Orange’s European markets, including Spain and the rest of Europe, reported modest growth, with strength in Poland (+2.6%) and Belgium & Luxembourg (+3.8%) offset by a weaker Central Europe (-1.9%). The bright spot was Africa and Middle East, which registered a 5.3% growth to reach €1.349 billion revenue, taking the market’s total revenue above Spain and just marginally behind the rest of Europe. The company’s drive to extend its 4G coverage in Africa is paying off, with mobile data service contributing to 2/3 of its mobile growth. Orange Money also saw strong enthusiasm, with the revenue up by 29% and total number of monthly active users totalling 15.5 million.

Both the Q1 results and outlook to the rest of the year spelled mixed messages for the wider telecom market and Orange’s suppliers, but negatives look to outweigh positives. On the consumer market side, the slowdown of high-end smartphone sales and prolonged replacement cycle has once again been demonstrated in the weak numbers in France. On the network market side, Orange predicts more efficiency. This includes both the network sharing deal signed with Vodafone Spain, which is expected to deliver €800 million savings over ten years, and an overall reduction in CAPEX this year.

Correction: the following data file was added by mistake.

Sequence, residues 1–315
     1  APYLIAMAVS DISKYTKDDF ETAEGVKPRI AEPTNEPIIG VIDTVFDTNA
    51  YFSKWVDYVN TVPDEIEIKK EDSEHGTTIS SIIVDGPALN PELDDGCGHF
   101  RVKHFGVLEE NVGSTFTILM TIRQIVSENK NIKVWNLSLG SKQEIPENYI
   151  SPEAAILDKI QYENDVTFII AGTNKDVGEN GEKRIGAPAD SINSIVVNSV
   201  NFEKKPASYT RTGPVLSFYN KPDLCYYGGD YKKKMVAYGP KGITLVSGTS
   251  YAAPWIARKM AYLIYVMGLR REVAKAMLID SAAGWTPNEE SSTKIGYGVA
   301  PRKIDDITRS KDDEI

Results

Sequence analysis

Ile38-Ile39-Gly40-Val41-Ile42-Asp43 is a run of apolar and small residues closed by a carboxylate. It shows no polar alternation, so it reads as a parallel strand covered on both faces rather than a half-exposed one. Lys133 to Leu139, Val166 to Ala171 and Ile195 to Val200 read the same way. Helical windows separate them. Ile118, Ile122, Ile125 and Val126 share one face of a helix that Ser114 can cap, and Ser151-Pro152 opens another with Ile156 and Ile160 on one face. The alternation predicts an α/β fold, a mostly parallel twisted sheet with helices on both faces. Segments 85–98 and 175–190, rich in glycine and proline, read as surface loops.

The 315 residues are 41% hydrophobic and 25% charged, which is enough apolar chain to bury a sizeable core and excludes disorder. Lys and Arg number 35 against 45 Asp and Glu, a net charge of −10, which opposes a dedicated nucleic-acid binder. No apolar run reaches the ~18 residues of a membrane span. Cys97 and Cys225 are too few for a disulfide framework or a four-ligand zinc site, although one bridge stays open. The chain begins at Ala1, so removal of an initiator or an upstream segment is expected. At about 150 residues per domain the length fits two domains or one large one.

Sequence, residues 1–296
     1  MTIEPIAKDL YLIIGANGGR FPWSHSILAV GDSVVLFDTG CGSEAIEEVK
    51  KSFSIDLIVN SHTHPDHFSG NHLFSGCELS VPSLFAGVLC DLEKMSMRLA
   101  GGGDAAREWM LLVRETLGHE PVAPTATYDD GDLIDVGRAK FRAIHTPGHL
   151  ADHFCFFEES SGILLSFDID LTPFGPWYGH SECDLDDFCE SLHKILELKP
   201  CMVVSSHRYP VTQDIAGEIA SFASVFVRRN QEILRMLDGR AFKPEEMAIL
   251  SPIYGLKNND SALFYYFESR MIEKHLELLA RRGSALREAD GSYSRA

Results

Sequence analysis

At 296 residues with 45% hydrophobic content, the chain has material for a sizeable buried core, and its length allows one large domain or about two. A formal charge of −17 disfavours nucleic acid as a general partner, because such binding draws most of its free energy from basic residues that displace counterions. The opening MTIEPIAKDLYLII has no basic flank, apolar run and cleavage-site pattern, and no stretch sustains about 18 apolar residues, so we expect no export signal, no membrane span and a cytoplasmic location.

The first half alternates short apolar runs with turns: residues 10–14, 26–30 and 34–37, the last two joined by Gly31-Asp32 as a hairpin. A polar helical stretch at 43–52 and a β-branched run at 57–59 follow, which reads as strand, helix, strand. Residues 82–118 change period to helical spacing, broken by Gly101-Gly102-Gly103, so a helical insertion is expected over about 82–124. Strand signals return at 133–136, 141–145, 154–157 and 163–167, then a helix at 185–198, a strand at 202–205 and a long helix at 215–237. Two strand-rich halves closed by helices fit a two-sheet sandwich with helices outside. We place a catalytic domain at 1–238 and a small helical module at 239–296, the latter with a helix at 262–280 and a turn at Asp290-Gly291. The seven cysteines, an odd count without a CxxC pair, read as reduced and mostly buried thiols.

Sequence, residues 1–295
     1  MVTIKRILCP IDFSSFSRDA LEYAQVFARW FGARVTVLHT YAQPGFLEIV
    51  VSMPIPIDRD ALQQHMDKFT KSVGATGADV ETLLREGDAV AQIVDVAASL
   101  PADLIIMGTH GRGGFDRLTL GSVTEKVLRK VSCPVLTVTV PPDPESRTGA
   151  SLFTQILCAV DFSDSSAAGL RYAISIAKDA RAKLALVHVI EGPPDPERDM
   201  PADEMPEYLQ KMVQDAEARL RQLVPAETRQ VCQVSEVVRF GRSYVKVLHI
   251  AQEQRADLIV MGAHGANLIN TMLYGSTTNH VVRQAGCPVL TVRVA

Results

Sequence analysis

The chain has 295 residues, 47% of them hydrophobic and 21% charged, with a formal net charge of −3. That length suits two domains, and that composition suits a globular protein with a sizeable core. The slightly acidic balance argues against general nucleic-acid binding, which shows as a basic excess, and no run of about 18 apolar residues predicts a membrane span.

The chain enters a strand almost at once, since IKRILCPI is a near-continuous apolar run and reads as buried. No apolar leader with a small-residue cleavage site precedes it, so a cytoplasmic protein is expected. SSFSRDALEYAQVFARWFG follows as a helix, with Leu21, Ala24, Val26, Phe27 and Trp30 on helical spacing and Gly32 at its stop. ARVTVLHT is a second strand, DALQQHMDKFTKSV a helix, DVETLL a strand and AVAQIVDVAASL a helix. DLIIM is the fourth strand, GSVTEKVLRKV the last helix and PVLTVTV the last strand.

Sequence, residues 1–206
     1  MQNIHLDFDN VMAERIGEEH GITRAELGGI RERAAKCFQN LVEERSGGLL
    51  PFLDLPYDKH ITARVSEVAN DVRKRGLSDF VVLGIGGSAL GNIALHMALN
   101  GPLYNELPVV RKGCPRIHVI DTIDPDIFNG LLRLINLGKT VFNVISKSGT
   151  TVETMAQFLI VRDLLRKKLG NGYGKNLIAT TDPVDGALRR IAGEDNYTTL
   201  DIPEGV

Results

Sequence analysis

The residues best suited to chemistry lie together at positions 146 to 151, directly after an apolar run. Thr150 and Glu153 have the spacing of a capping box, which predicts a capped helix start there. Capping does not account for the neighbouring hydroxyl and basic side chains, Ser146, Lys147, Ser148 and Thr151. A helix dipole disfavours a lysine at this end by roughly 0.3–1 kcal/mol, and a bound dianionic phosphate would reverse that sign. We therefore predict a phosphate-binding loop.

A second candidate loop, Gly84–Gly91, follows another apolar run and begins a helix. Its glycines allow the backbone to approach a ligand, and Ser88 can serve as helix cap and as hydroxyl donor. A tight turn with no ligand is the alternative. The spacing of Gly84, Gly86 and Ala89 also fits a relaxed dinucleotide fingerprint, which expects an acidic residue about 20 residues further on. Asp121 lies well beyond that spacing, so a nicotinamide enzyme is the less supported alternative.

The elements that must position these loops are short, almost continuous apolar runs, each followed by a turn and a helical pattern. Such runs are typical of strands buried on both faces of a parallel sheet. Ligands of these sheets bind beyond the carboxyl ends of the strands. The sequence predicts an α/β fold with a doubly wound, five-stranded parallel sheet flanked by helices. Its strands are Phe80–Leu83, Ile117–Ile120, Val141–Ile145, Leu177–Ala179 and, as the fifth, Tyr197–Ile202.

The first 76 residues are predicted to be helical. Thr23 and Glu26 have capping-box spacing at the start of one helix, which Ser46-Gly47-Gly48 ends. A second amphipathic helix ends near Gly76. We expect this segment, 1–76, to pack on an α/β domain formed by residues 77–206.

As the CEO said, “while the level of eCapex for this quarter is higher, it should reduce slightly for 2019 as a whole, as predicted, excluding the effect of the network sharing agreement with Vodafone in Spain announced on 25 April.” This means, to achieve the annual target of reduced CAPEX, the spending will drop much faster in the rest of year. There is no timetable to start 5G auction in France yet, but it will be safe to say that any expectations of 5G spending extravaganza will be misplaced.

On the positive side, Orange has seen its efforts to diversify its business gaining traction, especially in IoT and smart homes. But these areas, fast as the growth may be, only make a small portion of Orange’s total business.